- Little David (1985)
- Mr. Yesterday (1984)
- Goodbye Goliath (1983)
- Wettermark (1969)
- Tiger in the Honeysuckle (1965)
- Two Roofs and a Snake on the Door (1963)
- Black Wings Has My Angel (1953)
- The Golden Tag (1950)
- The Stainless Steel Kimono (1947)
by Kara Templeton (SHS)
Twentieth century Mississippi author Lewis Elliott Chaze penned nine novels about rural life in the South before he died in 1990. Chaze, pronounced “shayze,”(May 89) was born to Lewis and Sue Chaze on November 15, 1915, in Mamu, Louisiana. He went to Bolton High School in Alexandria, Louisiana, and graduated in 1932 (Keys 87). After high school he attended Washington and Lee (1932-1934), Tulane University (1935), and received his B.A. from Oklahoma University (1937) (May 89). Chaze’s first career in journalism was for the New Orleans Bureau of the Associated Press (Keys 87). He served a stint in the U.S. Army during World War II in the 11th Airborne Divison as a technical sergeant (May 89). After World War II he remained in Japan for a time while American troops occupied the country. Later, he transferred to the Denver, Colorado, Associated Press Bureau. In 1951, Chaze began a long career with the Hattiesburg American (Hattiesburg, Mississippi), first as a reporter and later as city editor from 1970-1980 (Keys 87).
Chaze’s novels are based on his own life experiences. His first novel (1947), The Stainless Steel Kimono, is a fictional novel based on the lives of seven paratroopers in Japan during the war. The Golden Tag, his second novel (1950) highlights the life of a young wire service reporter and would-be novelist in New Orleans. Both of these novels closely resemble Chaze’s own life. Chaze penned his third novel in 1953, Black Wings Has My Angel, about an armored car robbery that takes place in Colorado. In the late 1960’s when Chaze reported for the Hattiesburg American, he wrote two novels, Tiger in the Honeysuckle and Wettermark. Both novels chronicle the lives of young newspaper reporters in Mississippi (Keys 87). His last novels, Goodbye Goliath and Mr. Yesterday, were published five years before his death in 1990 (May 89).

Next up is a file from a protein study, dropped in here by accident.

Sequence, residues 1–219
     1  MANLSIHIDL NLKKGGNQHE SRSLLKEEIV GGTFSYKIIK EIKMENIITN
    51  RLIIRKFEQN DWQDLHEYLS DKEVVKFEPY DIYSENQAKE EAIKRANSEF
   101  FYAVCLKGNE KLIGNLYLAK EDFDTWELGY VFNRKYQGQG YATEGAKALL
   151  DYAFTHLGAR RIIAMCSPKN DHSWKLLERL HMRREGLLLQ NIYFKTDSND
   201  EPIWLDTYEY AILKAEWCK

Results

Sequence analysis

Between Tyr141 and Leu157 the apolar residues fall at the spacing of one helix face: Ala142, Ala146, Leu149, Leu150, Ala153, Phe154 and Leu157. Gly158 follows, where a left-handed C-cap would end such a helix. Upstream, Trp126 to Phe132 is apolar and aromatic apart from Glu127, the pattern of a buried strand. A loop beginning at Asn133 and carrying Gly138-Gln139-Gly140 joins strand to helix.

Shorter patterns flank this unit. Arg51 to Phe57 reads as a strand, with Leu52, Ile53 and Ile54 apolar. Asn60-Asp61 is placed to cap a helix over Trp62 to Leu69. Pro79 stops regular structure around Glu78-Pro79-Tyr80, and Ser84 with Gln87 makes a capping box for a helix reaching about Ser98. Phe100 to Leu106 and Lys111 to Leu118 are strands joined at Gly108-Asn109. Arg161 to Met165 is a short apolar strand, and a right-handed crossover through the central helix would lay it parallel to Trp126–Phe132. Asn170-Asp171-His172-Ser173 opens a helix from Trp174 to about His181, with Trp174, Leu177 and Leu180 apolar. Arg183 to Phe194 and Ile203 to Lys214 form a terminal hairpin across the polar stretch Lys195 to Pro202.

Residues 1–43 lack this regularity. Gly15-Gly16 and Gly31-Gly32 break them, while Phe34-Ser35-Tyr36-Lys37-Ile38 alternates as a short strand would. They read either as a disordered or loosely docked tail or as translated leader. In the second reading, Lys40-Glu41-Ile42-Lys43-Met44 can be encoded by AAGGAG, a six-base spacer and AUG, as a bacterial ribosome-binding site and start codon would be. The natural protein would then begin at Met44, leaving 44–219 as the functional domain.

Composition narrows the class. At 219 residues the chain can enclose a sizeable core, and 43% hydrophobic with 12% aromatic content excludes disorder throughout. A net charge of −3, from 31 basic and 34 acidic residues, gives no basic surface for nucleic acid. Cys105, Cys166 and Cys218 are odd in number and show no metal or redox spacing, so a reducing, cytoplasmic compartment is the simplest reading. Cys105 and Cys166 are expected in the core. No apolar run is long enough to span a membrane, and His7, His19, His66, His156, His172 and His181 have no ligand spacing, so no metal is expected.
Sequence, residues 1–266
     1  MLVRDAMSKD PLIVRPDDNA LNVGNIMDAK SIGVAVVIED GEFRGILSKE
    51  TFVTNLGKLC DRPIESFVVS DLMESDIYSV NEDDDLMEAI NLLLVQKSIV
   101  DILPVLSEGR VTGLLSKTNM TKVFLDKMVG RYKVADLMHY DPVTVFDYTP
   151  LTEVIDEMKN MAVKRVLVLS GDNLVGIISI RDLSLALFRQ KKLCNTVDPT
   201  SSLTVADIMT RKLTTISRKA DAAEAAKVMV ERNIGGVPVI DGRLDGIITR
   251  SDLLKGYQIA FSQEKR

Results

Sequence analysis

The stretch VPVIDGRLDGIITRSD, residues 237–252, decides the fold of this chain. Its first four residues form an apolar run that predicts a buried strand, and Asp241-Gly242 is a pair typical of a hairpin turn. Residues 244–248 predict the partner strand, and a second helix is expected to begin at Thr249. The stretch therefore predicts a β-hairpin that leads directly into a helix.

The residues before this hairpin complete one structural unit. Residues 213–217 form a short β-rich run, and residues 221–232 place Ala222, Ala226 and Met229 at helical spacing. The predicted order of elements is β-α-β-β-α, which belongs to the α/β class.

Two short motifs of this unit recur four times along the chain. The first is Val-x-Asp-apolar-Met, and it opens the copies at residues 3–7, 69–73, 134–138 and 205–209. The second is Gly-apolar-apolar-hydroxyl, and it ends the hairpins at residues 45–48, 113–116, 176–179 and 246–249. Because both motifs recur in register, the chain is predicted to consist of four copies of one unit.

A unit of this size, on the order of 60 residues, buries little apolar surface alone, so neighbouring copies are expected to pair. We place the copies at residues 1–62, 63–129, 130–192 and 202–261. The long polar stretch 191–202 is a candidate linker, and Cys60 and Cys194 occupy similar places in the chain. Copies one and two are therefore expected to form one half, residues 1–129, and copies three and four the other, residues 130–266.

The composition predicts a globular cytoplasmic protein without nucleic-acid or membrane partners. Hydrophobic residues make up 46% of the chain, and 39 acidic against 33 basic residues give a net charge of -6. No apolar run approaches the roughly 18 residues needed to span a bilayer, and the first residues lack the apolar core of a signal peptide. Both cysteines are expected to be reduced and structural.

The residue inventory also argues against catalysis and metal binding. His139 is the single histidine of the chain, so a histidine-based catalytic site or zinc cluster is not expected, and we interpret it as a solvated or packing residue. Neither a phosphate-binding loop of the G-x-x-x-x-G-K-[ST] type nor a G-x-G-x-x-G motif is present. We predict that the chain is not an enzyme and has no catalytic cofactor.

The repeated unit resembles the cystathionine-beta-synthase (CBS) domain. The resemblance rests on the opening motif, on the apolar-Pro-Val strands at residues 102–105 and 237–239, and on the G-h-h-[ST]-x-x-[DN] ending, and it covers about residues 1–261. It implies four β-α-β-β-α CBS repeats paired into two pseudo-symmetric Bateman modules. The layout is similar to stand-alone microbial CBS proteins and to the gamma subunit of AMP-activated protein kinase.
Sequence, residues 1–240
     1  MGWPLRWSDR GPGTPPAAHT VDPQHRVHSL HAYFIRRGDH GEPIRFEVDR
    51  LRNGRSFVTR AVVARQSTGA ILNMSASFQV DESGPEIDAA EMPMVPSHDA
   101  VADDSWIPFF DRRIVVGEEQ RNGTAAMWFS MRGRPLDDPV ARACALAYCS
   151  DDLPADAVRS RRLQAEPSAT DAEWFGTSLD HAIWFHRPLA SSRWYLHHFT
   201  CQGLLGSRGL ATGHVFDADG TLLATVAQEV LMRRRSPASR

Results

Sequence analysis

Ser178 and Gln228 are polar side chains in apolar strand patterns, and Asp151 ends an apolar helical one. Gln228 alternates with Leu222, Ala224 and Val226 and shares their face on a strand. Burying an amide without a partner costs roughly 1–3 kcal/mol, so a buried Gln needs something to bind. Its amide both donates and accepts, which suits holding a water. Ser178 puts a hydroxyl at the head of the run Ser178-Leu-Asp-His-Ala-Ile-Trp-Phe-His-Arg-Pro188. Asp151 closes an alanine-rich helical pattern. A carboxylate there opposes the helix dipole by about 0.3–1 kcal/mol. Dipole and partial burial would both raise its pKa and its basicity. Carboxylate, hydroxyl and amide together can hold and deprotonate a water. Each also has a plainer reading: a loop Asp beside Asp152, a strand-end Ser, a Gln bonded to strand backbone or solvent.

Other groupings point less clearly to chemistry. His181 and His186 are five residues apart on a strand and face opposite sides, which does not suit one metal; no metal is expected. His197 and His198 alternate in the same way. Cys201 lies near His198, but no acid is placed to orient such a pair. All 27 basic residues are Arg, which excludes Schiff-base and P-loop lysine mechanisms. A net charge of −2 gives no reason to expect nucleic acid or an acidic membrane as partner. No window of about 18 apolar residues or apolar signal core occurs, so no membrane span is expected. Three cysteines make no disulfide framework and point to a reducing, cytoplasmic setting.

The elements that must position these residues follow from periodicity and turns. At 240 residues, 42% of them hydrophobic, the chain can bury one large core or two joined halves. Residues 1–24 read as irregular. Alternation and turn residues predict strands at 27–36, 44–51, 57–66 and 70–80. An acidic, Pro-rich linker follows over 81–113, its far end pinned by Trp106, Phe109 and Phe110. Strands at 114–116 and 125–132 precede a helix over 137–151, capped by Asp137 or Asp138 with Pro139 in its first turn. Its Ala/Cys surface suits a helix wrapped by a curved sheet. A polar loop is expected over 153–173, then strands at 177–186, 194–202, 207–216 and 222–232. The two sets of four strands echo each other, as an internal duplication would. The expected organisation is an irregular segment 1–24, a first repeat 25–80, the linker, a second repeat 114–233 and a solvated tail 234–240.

Black Wings Has My Angel, awarded the Fawcett Gold Medal Paperback Award, became Chaze’s first award for his fictional writings (Bertram F2). A prolific writer, he also authored many articles and short stories for popular magazines including Life, Reader’s Digest, New Yorker, Redbook, Collier’s, and Cosmopolitan. As a newspaper writer, Chaze was honored with the Hal Boyle Memorial Award for the best personal column in the Louisiana-Mississippi sector (May 89). His column, On the Lopside, appeared in a number of newspapers, and he received awards for the column.